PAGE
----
In his restoration work, Mr. Bradley made several innovative discoveries, Wales said.  One was that meat tenderizer could remove glue from the back of a painting.  "To scrape it off would do damage to the painting," Wales said.  Another of his discoveries, Wales said, was that the paper used to make tea bags served just as well as the harder-to-get Japanese rice paper used to cover a painting when work is being done on its back side.

In the late 1940s, Mr. Bradley began creating his mostly metal geometric sculptures, hung like mobiles and exhibited mostly at museums and colleges including the Museum of Science and the Massachusetts Institute of Technology.  He loved them so much, his friends said, he declined to sell even one.  The largest of Mr. Bradley's sculptures, named The Tree was 7 feet in diameter and had 5,005 pieces of brass tubing in 32 colors, said Hal Robinson, an Arlington machinist and engineer.  He conceived of the idea for the work, and Robinson and other members of Mr. Bradley's "loosely knit renaissance workshop" of friends helped in its creation.  "The sculptures turned very slowly," Robinson said. "With The Tree, the movement showed it changing with the seasons.  I never saw it but Mr. B could see in his mind how these geometric things could fit together and work."

Mr. Bradley was also a published author. His The Treatment of Paintings appeared in 1950. "It represented a turning point in the field of art technology and remains a historic reference for art restorers," Priest said.  Mr. Bradley even restructured the Gospels into cadenced form in The New Testament in Cadenced Form in which he changed the structure of the wording to make the lines shorter and easier to read.  Gibran painted the cover for his friend's book.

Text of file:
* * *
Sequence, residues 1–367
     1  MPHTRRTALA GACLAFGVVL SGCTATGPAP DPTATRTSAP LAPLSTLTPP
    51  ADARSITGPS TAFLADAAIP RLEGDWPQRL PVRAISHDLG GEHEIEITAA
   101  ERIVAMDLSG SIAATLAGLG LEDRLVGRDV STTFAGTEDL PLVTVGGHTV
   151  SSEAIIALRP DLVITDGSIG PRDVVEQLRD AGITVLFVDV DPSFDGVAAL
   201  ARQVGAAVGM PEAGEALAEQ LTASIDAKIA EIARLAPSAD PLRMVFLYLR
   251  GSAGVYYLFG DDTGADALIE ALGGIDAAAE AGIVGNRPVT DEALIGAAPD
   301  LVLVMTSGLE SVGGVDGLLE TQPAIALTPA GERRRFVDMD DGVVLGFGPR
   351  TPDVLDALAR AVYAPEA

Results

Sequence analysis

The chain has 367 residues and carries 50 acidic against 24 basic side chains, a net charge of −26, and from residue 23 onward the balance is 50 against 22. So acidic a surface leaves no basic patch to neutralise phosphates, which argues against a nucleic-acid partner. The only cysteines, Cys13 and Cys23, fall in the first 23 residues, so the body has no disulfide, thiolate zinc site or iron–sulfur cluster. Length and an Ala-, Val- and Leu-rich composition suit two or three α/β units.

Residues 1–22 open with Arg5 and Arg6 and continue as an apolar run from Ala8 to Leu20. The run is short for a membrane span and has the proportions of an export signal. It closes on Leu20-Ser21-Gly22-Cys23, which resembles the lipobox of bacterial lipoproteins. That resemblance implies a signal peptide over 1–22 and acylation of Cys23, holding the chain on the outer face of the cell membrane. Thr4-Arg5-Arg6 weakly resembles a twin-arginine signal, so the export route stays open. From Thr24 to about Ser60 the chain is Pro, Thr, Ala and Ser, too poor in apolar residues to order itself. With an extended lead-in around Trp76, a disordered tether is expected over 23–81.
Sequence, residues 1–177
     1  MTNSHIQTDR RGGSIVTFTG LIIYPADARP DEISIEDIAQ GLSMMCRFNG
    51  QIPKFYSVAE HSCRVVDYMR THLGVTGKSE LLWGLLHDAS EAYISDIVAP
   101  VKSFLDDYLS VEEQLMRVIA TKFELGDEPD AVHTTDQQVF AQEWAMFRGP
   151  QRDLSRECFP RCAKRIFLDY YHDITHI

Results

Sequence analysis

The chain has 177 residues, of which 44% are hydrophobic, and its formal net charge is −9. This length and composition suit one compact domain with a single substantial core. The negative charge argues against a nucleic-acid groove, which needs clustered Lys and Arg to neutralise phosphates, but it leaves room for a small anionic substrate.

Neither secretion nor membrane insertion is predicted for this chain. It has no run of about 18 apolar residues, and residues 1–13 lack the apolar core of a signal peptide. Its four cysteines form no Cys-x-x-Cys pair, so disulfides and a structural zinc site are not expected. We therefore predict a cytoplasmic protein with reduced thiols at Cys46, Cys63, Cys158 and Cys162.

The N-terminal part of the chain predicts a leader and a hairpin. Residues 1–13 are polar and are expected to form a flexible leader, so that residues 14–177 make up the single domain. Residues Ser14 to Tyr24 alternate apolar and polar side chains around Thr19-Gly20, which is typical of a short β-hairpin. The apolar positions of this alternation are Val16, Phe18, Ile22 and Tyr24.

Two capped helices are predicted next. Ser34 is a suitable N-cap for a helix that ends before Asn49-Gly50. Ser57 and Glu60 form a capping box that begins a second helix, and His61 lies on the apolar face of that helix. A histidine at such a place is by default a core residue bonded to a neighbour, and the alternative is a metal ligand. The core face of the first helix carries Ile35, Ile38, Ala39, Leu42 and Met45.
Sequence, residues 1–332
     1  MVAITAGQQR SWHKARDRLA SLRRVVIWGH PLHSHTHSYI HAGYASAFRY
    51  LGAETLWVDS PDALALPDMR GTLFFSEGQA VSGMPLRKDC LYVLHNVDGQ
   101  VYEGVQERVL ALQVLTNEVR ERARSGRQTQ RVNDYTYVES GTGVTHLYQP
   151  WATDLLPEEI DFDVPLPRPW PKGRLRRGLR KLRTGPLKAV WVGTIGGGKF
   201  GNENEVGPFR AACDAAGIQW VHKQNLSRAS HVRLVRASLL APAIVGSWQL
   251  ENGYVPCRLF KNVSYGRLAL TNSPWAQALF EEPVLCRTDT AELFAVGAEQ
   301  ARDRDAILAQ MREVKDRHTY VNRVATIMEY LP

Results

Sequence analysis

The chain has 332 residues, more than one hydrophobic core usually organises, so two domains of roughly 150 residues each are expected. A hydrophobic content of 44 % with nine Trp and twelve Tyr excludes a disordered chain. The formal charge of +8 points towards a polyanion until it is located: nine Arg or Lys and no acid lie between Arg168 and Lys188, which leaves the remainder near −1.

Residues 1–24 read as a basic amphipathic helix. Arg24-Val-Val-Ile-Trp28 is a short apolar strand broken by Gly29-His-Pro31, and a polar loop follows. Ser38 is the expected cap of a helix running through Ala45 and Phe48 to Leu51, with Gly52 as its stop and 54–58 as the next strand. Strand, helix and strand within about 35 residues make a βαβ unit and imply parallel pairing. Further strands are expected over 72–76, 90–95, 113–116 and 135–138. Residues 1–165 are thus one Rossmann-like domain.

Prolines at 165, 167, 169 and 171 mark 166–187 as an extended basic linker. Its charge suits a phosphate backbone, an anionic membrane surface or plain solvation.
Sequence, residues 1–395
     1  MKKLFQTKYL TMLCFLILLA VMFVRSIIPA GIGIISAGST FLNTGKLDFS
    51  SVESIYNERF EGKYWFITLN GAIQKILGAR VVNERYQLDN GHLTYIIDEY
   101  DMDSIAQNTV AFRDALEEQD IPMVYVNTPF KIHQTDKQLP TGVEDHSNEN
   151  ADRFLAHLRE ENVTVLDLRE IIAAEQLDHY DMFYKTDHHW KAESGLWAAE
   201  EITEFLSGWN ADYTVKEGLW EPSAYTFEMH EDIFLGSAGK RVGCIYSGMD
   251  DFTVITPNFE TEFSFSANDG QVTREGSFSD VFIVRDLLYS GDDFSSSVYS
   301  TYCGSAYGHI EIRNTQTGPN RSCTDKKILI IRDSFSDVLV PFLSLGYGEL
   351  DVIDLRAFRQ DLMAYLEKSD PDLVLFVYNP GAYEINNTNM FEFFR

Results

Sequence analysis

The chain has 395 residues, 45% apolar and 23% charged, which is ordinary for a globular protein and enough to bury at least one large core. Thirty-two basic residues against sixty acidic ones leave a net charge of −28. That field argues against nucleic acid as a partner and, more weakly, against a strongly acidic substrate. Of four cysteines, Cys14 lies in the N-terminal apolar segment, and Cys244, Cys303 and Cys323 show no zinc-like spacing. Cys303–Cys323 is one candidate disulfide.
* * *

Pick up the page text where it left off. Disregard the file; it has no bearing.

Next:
Mr. Bradley was born in Arlington, one of two children of Morton Clark Bradley and Marie Louise (Boison), both Indiana natives.  His maternal grandfather taught modern languages at Indiana University and his grandmother taught drawing in the Bloomington, Ind. schools.  Mr. Bradley considered himself a Hoosier, friends said, and still kept the 100-year-old Christmas cactus his parents brought when they moved from Indiana, Gibran said.

On graduating from Harvard, Mr. Bradley won a Bacon Scholarship that allowed him to travel to Italy and then to Belgium, where he studied piano.  He still played classical music on his piano until arthritis set in several years ago, and attended the opera with friends.  "Bob didn't want to retire," Wales said.

While Mr. Bradley has no immediate family, there were, Gibran said, "countless people who adored him because he was simple and honest and pure. He quipped a lot. He would always say, 'Well, I'll brood about that.' "